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What 2018 Economics Nobel means for growth-hungry India

October 23, 2018 15:34 IST

William Nordhaus believes that climate change can best be addressed by ensuring the correct pricing for polluting resources like fuel through government intervention – in other words, through higher taxes on petrol and diesel.
"The main recipe to alleviate climate change is to make sure governments, corporations and households face a high price on their carbon emissions.
"Today it is virtually zero. If the price were higher, people would have other choices, like renewable energies.”

Paul Romer, meanwhile, remains a potent force among policy economists.
He puts the integrity of the data you use, and the clarity of the conclusions you draw, above everything else.
This is why, for example, he hit the headlines in India earlier this year - for questioning the rationale behind the World Bank’s revision of its Ease of Doing Business Index, a revision that incidentally or not-so-incidentally sent India 30 places higher.

India has remained obsessed with cheap capital and infrastructure spending when instead the central constraint on Indian development remains the abysmal quality of Indians’ skills, says Mihir Sharma.

Illustration: Dominic Xavier/Rediff.com

The 2018 Nobel Memorial Prize for Economics is a landmark in the award’s history: It is the 50th to be handed out.

And, in some ways, it is exemplary of the Economics Nobel’s recent evolution towards rewarding economic theory with a direct practical and political implication.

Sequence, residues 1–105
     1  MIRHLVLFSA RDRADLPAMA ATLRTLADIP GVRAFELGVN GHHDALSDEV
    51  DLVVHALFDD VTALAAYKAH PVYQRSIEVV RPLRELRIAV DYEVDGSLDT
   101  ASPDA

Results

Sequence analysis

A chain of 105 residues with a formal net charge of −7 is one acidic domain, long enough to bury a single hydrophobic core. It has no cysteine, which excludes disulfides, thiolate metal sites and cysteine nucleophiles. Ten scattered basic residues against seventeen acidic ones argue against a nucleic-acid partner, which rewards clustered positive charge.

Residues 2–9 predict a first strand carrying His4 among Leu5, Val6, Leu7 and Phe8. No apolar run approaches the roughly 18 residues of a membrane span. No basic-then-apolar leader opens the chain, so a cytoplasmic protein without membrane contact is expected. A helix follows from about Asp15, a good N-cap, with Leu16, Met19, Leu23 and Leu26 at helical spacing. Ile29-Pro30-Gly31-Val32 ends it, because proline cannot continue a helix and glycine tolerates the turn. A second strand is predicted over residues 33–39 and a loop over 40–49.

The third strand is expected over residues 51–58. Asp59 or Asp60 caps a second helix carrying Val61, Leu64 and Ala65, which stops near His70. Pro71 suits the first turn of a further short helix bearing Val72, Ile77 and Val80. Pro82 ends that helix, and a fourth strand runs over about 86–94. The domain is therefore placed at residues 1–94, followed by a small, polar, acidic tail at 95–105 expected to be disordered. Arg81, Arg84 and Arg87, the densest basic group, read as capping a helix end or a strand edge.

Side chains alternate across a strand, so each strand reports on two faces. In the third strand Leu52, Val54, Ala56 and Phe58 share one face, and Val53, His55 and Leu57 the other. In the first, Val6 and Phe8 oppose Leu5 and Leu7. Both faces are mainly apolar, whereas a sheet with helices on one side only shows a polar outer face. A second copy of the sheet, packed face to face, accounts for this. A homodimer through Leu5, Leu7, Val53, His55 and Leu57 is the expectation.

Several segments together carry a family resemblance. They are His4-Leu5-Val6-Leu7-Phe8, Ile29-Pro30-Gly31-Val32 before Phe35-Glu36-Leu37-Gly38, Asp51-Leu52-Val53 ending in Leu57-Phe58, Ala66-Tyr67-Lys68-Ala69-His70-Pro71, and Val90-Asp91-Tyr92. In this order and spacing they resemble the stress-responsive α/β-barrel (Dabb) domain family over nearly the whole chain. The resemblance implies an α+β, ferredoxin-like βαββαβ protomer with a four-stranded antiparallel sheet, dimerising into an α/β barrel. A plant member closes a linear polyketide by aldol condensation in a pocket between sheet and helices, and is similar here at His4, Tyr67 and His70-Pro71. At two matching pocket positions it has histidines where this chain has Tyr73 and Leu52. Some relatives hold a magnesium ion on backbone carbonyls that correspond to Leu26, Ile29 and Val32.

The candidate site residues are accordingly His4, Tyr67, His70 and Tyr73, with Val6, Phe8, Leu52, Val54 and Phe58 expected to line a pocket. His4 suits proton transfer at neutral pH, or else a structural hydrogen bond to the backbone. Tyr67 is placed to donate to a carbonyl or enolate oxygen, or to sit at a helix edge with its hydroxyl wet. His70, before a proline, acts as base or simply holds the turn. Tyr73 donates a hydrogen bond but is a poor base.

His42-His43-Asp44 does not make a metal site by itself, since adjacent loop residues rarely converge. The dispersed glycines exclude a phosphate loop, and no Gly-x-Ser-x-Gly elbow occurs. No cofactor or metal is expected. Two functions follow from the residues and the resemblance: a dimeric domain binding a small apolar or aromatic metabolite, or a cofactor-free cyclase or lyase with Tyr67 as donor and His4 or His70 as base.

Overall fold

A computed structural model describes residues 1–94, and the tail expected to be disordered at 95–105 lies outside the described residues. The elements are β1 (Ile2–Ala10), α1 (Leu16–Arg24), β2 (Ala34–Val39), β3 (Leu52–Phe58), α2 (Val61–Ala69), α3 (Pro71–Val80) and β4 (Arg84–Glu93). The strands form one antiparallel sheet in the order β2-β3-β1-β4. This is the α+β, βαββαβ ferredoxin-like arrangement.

It has been awarded to two American economists, William Nordhaus and Paul Romer, fo - in the words of the Royal Swedish Academy of Sciences - integrating climate change and technological innovation respectively into long-run macroeconomic analysis.

Romer himself argues that Nordhaus and he also share a fundamental optimism about human ability to change the direction of economic activity: Nordhaus believed and still believes that concerted international action has a hope of dealing with the negative effects of anthropogenic climate change, and Romer has sought to ensure that innovation and human capital are integrated into the programmes of both developing and developed economies.

Both the laureates’ life-work can also be seen as running against the traditional model of development and growth that was influential in the 1950s, and still is the primary motive for much economic policy in countries such as India today.

Prior to Nordhaus and Romer’s interventions - in the 1970s and late 1980s respectively - the study of economic growth was dominated by models developed by, among others, the 1987 Nobel laureate Robert Solow.

His growth model decomposed the sources of growth, providing a relationship between the growth of the workforce and of capital available with long-run economic growth.

Yet this was, in the end, a somewhat dry accounting identity.

When taken to the data, it became clear that much of real growth came from a mysterious residual element that economists called “total factor productivity”.

What increased this measure of productivity? This is where Romer came in, arguing that innovation and human capital were essential to the modelling of growth.

Nordhaus’ contribution was even more disruptive of the Solow model, since it undermined the very notion of growth accounting itself.

He viewed the concept of gross domestic product as problematic - it did not take quality changes into account.

Worse, it rewarded productive activity that over-consumed finite natural resources. What would this mean in an Indian context?

For example, Nordhaus would never trust double-digit growth that came alongside the improperly priced utilisation of minerals and forest land. Only once the permanent loss of those resources to the economy is properly factored in can growth be considered relevant for policy.